The man who has been labeled an American "traitor" on the lam apparently hasn't even left the Chinese city from which he shared America's spying secrets, despite vanishing the day after his tell-all interview went public — and despite the reporters and investigators on the tail of a leaker and his lady. One local Hong Kong paper tracked him down, and there appears to be another tell-all on the way.
Washington Redskins owner Daniel Snyder refused to give up his beloved team's name despite a lawsuit and letters from 10 members of Congress. But now it appears he's bringing in the "pollster"/spin-doctor/Republican Batman to examine what, exactly, everyone thinks about what everyone else thinks is most racist name in football.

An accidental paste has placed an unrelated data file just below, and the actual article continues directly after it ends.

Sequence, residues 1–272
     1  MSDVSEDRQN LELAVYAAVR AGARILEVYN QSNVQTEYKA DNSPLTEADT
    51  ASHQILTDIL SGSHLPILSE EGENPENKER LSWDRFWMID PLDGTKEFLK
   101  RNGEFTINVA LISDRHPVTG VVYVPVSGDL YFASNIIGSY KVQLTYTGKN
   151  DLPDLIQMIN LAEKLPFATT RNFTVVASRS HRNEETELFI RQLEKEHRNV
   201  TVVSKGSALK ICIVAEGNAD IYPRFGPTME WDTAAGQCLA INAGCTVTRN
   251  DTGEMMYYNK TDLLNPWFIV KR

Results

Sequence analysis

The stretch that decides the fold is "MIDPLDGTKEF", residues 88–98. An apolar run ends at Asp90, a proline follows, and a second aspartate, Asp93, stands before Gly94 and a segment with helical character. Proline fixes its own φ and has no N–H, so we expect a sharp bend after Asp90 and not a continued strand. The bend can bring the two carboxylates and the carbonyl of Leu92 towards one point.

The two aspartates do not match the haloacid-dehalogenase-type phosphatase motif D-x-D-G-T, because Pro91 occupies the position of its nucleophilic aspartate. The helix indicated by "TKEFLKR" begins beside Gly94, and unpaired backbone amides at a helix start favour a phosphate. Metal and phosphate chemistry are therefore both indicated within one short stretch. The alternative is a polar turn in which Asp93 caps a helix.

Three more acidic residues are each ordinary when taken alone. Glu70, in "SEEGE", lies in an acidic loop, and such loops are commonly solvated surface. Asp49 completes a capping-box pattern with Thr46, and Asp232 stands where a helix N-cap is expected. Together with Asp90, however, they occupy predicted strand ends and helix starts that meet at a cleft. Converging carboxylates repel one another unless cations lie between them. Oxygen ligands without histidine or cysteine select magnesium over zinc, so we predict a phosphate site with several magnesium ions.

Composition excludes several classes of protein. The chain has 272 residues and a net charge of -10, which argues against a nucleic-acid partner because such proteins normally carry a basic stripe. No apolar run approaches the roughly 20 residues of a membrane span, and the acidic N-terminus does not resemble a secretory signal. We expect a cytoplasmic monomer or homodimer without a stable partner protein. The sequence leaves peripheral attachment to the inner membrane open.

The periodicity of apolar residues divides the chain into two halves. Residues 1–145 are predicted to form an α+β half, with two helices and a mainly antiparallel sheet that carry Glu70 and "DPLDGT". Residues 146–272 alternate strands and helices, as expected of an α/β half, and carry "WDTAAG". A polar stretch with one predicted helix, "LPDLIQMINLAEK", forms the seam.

An upscale men's magazine decided to praise their favorite magazine editors' work, declaring boldly a "New Golden Age" on its cover. Except there's one small diversity problem: all the editors basking in this new golden age are white dudes.
In a letter to to the attorney general and the FBI director, the head lawyer for the world's leading information crawler has asked the U.S. government for permission to publish the number of top-secret Foreign Intelligence Surveillance Act requests it receives from the nation's spy agencies and beyond each year. It represented a shot across the bow from Silicon Valley, or at least an attempt to soften the blow of a startling week of NSA leaks. Facebook CEO Mark Zuckerburg and his top lawyer are speaking out, too, and Microsoft followed suit.
What does the Times have on Weiner that they aren't ready to tell the rest of the world yet? Probably the first extensive interviews with the women he sexted since Weiner's soft landing back on the political scene — a mid-campaign bombshell if there ever was one — but one accidental push of a button on the Times website has everyone waiting for the true return of the scandal.